To The Editor
Regarding: The Value of Disclosing Medical Error
I write this in response to an article posted by ALICIA GALLEGOS, of American Medical News, posted June 1, 2011. I heartily support the Lockton Report analyzing the findings of Aug. 17, 2010, issue of Annals of Internal Medicine. Such disclosures are not only good business but are also required.
American Medical Association’s Code of Medical Ethics says physicians are ethically obligated to disclose what happened “when a patient suffers significant medical complications that may have resulted from a physician’s error.”
The attempt to cover up medical errors results in those involved eventually forgetting the fact that errors occurred. Instead of correcting the practices leading to harm all energy is expended in making it seem that nothing untoward occurred.
I am a trial attorney and have represented victims of malpractice for 34 years. I think it absurd that I have to speak for the victims because their doctors, nurses, etc. won’t.
Jerry I. Meyers
Joe Kika writes at readersdigest.com a remarkable set of interviews of physicians and nurses confessing medical mistakes for the record which either could have or did lead to wrongful death. Among those interviewed was Peter Pronovost, a professor at John’s Hopkins University School of Medicine, who has received considerable notoriety as a patient safety advocate.
Pronovost and his work at Hopkins was the subject of one of my prior posts. In Pronovost’s interview he provides us considerable insight as to how his views concerning patient safety evolved. We learn for example, that his father died because of medical errors at age 50. Also, during his training in critical care medicine, he prematurely removed a breathing tube in a patient recovering from esophageal surgery performed earlier the same day. The patient arrested and though successfully resuscitated, remained unconscious for a time. Pronovost admits that his shame at having made a very serious error prevented him from candidly explaining to the patient’s wife the reason for the arrest.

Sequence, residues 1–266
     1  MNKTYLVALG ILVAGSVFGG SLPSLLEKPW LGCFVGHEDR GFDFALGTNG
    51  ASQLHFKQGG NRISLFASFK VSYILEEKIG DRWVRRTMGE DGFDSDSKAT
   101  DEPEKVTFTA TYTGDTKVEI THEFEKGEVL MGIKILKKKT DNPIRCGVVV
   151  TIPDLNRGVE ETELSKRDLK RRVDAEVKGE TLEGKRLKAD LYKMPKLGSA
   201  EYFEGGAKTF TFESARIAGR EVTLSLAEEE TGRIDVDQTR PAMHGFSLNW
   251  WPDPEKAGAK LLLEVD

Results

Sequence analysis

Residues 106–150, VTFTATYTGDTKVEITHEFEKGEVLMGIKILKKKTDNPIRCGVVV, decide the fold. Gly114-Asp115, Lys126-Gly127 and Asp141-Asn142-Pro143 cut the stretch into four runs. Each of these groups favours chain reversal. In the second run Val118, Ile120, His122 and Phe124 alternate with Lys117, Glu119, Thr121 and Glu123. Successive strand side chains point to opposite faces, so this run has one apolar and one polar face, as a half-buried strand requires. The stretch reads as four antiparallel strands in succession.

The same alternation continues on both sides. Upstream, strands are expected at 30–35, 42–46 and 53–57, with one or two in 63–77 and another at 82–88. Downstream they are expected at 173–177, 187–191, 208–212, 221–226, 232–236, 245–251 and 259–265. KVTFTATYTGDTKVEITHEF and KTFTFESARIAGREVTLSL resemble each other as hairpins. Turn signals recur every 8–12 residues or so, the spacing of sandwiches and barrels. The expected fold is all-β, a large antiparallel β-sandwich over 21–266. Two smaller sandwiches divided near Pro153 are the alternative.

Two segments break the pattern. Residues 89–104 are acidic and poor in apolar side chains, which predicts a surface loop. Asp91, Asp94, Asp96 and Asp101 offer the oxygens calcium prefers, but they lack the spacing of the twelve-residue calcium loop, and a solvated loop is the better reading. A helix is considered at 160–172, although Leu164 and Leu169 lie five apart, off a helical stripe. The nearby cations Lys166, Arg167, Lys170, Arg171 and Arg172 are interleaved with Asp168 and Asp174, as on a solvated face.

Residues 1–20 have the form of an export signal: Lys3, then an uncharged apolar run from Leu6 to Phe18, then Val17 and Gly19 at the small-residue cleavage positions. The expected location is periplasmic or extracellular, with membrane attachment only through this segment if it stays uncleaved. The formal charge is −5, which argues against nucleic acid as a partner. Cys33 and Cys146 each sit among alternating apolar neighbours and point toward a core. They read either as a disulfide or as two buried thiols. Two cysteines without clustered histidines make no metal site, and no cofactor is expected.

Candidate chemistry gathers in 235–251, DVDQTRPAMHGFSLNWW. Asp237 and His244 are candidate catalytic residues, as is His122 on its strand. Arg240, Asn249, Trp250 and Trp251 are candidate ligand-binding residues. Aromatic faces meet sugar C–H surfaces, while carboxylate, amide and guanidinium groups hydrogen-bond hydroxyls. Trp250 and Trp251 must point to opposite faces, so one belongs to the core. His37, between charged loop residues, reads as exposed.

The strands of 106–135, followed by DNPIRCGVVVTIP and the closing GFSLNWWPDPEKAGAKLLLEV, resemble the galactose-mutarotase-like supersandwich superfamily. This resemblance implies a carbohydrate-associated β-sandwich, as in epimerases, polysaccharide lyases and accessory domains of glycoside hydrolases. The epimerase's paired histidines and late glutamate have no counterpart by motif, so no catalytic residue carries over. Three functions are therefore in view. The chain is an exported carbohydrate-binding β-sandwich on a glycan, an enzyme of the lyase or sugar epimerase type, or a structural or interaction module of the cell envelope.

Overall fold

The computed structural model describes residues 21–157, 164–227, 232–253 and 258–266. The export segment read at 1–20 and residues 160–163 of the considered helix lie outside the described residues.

The medical culture of Pronovost’s early years remains today as a true impediment to patient safety. The widespread refusals of physicians and other health care providers to admit their errors allows the errors to be repeated by others.
Ironically, today as I was writing this post, I visited Kevin MD.com and found a very interesting and compelling article authored by Brian Goldman (an emergency physician) addressing the issue of the culture of patient safety. Goldman agrees that medical errors must be confessed in order for change to occur. He appears to reject the view shared by many advocates of tort reform the Dr.’s will not confess except in secret.
Confession is good for the soul and indispensable if a culture of patient safety is to be established.